Originally Posted by zorba1331
What other things did you cut out? Oreos? Chips? Candies? Did you start moving more? You are only sharing a small fraction of the story that is supporting your stance. There is a difference between being a proper weight and healthy--the two don't go hand in hand.
Why did you cut down then? They are delicious and you used to eat about 100 grams of them for every meal and you still lost weight.
Losing the first, say, twenty or thirty pounds, I was just walking and I didn't eat any junk food on a regular basis. I had to ease my way into exercise, a) because I was out of shape and overweight, and b) I've had chronic illnesses all of my life which cause severe pain in my legs. I wasn't sure how hard I'd be able to push myself. As far as dieting, though, the only major difference was switching from white bread to whole grain, and everything stayed the same for awhile.
After that, I had to up the intensity of my workouts, because not only were they too easy and I wasn't losing weight, but my legs were feeling much better and I felt like I could tackle more. I started doing circuit training with the help of an at-home program and some free weights, so I was then incorporating both weights and more intense cardio at the same time. At this particular time, I was having severe stomach problems (they've since stopped), and I was only eating around 600-800 calories a day. That's basically a starvation diet, I know, but I really couldn't help it. I relied a lot on the complex carbs to get me through, since they seemed to be the easiest for me to handle. Unfortunately, I lost a lot of muscle mass by not eating enough protein, and by just not eating enough calories period.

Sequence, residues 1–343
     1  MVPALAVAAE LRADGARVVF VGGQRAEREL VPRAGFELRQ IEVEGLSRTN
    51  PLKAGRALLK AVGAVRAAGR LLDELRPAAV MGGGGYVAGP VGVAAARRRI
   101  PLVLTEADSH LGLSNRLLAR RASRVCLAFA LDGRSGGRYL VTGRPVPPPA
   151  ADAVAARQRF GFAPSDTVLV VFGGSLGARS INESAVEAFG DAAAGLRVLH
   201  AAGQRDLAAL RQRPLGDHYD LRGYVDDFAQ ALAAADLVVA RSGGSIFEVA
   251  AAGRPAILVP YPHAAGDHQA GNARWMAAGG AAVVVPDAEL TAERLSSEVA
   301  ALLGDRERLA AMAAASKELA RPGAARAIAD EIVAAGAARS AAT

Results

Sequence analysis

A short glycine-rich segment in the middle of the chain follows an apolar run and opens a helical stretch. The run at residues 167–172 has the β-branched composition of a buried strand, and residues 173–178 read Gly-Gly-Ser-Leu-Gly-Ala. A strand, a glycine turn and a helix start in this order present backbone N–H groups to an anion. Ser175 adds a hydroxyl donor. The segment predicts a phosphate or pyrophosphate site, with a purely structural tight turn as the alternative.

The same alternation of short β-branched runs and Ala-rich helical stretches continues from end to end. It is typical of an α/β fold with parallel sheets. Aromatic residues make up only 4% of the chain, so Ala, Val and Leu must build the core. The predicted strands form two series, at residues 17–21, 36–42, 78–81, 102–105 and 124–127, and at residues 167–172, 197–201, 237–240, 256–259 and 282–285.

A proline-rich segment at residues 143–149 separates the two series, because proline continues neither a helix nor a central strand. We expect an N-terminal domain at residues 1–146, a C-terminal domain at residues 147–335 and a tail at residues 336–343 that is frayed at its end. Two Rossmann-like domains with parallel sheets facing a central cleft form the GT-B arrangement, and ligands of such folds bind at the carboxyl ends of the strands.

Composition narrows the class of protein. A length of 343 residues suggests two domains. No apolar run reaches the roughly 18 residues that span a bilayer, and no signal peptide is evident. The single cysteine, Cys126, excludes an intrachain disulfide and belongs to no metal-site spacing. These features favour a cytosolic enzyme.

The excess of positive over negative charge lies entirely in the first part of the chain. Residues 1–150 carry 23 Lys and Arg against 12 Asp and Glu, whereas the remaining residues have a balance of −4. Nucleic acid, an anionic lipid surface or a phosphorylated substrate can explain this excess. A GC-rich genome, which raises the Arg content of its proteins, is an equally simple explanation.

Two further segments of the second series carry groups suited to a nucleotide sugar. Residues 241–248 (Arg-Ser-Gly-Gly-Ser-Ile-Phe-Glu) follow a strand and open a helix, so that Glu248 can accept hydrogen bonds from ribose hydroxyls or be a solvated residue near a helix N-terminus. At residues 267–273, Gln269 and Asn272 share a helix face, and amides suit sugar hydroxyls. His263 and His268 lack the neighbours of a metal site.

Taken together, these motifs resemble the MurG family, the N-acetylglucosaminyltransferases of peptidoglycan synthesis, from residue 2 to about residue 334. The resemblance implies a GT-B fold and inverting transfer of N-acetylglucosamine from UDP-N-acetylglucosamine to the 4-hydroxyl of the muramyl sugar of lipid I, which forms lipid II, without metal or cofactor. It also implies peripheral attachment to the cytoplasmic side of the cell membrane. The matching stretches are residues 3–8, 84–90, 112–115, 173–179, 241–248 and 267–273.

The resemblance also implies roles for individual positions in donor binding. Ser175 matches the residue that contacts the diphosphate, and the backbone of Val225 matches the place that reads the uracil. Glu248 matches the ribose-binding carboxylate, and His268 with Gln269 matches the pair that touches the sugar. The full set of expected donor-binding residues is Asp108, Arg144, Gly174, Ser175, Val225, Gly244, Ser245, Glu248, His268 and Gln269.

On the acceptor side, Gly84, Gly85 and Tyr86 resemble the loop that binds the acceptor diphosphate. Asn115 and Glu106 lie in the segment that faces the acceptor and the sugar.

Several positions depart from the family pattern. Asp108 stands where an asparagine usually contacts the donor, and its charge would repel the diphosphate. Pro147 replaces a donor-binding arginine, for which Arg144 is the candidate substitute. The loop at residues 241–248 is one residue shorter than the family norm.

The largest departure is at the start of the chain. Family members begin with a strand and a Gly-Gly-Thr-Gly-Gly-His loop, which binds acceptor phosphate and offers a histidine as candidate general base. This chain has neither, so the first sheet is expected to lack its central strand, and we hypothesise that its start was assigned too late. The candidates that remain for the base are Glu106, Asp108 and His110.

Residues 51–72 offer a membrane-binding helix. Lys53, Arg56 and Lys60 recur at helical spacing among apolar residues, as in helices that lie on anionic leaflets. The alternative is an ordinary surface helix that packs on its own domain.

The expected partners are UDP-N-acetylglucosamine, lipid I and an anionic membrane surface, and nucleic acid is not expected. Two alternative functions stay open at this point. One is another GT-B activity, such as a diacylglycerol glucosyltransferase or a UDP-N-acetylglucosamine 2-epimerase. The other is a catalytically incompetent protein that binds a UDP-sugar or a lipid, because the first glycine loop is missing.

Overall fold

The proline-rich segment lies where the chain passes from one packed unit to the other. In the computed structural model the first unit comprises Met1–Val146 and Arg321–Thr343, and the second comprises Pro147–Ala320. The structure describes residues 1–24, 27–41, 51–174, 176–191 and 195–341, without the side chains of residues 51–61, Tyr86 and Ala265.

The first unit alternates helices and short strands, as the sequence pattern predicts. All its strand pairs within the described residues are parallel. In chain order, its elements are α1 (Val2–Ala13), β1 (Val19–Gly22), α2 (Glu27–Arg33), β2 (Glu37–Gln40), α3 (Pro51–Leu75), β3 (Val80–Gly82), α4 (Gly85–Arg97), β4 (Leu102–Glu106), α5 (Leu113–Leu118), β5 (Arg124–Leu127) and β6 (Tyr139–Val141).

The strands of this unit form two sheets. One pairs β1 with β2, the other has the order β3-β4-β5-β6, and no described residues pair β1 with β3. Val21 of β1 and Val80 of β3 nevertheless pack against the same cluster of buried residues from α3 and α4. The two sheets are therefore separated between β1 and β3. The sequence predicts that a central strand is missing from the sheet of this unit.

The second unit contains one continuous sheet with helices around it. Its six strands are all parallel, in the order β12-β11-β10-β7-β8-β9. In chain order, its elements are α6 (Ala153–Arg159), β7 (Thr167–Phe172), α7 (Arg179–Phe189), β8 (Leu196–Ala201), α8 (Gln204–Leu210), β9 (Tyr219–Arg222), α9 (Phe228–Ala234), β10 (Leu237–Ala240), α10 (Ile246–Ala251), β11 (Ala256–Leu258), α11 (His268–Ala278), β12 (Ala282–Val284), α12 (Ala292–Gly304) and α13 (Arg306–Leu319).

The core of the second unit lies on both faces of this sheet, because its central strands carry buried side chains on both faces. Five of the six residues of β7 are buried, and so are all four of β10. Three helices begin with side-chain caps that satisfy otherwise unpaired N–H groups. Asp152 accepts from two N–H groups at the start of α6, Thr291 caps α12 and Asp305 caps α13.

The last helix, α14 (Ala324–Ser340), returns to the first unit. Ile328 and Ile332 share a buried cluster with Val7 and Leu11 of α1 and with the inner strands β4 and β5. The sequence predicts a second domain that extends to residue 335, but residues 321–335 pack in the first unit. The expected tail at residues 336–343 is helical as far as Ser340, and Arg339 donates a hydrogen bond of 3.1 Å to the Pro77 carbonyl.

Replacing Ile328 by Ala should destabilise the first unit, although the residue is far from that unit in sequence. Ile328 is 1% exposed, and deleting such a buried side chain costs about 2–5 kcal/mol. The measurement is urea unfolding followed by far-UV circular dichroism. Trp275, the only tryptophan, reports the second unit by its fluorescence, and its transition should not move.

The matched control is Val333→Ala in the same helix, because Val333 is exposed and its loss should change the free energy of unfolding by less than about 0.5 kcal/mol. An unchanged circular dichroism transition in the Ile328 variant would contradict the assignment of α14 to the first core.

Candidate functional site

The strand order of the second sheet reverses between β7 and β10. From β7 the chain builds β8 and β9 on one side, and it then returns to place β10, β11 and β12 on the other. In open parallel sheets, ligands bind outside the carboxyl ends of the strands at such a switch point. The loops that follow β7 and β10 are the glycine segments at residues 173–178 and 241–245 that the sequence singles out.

After the stomach problems ceased, I switched my workout program yet again
, and I'm basically where I am now. I'm eating a lot, and eating a very balanced diet. I used to hate vegetables, but now I'm eating about 8 servings a day, as well as a couple servings of fruit. Cutting out most of the grains is both a conscious and unconscious decision. After I found out that I really, really love vegetables, my need for grains subsided, so I really didn't find myself wanting as many; also, I wanted to see what effect it would have on my body if I stuck to having just one serving in the morning a couple of hours before I work out. So far, it's going well. I have days when my body tells me I need more of this
or more of that
, and I always listen and try to accommodate.
If anything, my doctor doesn't want me losing any more weight, but it just keeps coming off. I have no idea where it's coming from, though, seeing as how certain muscles are getting bigger, but the only fatty area I have is staying the same.